This is not the Rouen. The Rouen Clair is a totally different breed that has slipped out of the spotlight. It doesn’t lay enough to be mentioned in any “best egg layers lists,” and it isn’t meaty enough to be mentioned in any “best meat birds” lists. Upon hearing the name, people tend to assume it’s just another name for the Rouen. Its rarity doesn’t help anything, either.
However, the Rouen Clair is a fantastic utility breed that is definitely worth considering. It’s primarily used for meat, as adult birds weigh between 6 and 9 pounds, but it’s not bad for eggs either. The Rouen Clair can produce 150-200 eggs in a year. It may not weigh as much as a Rouen or lay as much as a Welsh Harlequin, but it truly is just as productive as the Pekin, which is one of the most popular dual-purpose breeds.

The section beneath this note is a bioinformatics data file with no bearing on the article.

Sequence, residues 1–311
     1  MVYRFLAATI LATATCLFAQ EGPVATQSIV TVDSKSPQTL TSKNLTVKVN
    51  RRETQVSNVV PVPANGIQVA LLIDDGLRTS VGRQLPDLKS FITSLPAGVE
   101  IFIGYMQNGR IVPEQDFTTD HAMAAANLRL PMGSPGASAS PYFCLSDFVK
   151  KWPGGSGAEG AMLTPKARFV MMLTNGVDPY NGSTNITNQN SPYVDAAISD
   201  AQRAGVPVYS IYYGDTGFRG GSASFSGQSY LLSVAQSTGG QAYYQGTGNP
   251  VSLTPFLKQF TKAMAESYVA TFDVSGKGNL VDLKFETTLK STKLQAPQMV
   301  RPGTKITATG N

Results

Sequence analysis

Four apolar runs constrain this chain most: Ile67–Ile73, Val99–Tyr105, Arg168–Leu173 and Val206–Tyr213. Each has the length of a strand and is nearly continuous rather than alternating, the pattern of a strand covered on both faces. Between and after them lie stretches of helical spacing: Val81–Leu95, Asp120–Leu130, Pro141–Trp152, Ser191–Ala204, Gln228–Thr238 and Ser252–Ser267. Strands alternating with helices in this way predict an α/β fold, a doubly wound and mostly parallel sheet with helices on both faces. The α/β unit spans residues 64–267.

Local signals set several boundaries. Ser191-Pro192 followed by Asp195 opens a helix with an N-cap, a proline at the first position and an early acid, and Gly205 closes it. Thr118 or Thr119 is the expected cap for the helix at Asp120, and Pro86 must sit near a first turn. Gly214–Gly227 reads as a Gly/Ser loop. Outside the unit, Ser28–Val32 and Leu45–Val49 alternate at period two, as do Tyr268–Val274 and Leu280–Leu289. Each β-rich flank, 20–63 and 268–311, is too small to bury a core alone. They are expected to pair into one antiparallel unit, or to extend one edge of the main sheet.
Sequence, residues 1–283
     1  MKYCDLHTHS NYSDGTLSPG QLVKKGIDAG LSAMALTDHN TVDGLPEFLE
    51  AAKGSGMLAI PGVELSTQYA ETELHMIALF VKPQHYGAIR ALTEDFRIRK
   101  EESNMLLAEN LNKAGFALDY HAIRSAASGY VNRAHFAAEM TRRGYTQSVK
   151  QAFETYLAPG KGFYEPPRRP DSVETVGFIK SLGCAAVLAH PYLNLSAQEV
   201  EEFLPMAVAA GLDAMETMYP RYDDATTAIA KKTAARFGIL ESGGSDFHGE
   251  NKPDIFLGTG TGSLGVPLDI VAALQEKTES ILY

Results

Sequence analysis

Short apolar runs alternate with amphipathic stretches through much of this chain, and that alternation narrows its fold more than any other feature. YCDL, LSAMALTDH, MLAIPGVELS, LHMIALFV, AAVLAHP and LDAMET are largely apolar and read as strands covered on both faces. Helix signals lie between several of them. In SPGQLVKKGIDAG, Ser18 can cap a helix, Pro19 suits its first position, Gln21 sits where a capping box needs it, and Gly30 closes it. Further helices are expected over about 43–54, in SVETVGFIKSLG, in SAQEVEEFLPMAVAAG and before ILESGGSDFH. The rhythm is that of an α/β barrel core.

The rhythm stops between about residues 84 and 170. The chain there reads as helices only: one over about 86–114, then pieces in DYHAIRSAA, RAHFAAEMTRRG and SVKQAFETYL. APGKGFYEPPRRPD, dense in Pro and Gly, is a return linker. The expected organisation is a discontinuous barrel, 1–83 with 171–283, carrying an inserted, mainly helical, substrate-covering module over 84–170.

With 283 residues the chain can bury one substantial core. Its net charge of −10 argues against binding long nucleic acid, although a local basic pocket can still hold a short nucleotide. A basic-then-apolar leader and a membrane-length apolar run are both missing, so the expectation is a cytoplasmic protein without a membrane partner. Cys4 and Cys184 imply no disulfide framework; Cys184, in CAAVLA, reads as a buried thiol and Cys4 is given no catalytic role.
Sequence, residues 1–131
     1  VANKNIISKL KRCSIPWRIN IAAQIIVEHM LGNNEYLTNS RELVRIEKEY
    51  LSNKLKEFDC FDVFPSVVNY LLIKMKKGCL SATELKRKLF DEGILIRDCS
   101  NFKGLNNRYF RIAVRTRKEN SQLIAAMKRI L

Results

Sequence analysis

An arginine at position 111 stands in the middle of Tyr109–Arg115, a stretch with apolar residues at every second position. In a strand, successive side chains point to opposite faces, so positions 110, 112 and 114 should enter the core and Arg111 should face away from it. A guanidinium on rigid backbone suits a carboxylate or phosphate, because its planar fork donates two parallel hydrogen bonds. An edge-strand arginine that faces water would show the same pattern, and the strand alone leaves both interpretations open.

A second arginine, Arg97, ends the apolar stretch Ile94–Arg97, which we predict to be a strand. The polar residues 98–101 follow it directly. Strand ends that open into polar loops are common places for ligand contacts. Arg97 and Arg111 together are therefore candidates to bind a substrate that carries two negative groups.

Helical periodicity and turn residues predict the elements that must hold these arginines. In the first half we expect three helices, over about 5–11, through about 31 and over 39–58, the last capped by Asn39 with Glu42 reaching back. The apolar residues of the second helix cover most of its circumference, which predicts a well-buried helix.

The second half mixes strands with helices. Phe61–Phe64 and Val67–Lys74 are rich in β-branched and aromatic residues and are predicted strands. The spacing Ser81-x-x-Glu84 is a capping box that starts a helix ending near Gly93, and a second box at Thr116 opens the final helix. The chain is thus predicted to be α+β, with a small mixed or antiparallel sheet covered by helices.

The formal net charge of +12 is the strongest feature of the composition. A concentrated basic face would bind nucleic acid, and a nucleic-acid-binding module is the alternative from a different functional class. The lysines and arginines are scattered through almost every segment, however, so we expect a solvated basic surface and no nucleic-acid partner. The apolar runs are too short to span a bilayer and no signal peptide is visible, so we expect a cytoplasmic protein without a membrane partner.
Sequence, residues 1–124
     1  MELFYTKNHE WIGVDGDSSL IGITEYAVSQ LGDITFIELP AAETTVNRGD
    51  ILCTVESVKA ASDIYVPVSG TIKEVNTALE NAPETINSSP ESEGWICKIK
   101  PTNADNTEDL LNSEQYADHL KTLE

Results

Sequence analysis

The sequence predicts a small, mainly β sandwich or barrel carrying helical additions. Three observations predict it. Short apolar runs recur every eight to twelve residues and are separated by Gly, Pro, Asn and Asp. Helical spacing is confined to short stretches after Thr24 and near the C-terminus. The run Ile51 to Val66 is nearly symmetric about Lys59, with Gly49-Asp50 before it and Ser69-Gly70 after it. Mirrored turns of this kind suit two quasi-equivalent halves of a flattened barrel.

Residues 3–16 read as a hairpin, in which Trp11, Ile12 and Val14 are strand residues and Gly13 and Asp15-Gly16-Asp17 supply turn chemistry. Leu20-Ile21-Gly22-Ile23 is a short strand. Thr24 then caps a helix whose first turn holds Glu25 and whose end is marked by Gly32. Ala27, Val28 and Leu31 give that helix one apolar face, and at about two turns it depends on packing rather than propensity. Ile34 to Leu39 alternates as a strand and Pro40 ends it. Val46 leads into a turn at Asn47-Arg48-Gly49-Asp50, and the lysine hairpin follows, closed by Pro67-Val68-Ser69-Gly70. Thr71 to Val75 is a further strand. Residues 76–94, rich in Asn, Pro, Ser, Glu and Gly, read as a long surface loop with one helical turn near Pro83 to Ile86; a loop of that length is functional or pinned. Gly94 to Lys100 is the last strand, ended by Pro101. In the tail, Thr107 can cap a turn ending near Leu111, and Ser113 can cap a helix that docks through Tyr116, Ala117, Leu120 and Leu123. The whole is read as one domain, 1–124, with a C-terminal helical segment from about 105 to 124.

In addition, the Rouen Clair is a very calm bird, doesn’t fly, forages well, and some individuals make good mothers and broodies (although others do not). They are colored similar to a Mallard, but lighter, which is called “light phase Mallard” or “trout.” They are smaller and more upright than the Rouen, have longer bodies, and lack the Rouen’s voluminous keel. They were developed in the Picardy region of France around 1910-1920, with the intention of producing a large bird that would produce good meat, but would also lay well and be good for exhibition.
As with many large, heavy breeds, the Rouen Clair may find it difficult to mate on land. Having a pond or other source of swimming water is advisable if you want to breed these birds.